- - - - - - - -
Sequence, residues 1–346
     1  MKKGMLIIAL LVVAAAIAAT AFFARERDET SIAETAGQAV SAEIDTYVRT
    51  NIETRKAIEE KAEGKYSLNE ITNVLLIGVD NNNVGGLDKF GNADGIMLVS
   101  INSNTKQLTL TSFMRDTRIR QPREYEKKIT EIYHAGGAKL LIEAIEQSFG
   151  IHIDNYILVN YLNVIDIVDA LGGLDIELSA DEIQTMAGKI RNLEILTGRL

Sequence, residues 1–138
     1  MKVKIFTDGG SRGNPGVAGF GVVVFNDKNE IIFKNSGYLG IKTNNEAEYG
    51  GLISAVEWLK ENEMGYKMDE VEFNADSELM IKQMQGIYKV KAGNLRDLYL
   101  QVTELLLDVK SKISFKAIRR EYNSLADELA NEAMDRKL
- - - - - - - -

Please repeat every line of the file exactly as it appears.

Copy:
Sequence, residues 1–346
     1  MKKGMLIIAL LVVAAAIAAT AFFARERDET SIAETAGQAV SAEIDTYVRT
    51  NIETRKAIEE KAEGKYSLNE ITNVLLIGVD NNNVGGLDKF GNADGIMLVS
   101  INSNTKQLTL TSFMRDTRIR QPREYEKKIT EIYHAGGAKL LIEAIEQSFG
   151  IHIDNYILVN YLNVIDIVDA LGGLDIELSA DEIQTMAGKI RNLEILTGRL

Sequence, residues 1–138
     1  MKVKIFTDGG SRGNPGVAGF GVVVFNDKNE IIFKNSGYLG IKTNNEAEYG
    51  GLISAVEWLK ENEMGYKMDE VEFNADSELM IKQMQGIYKV KAGNLRDLYL
   101  QVTELLLDVK SKISFKAIRR EYNSLADELA NEAMDRKL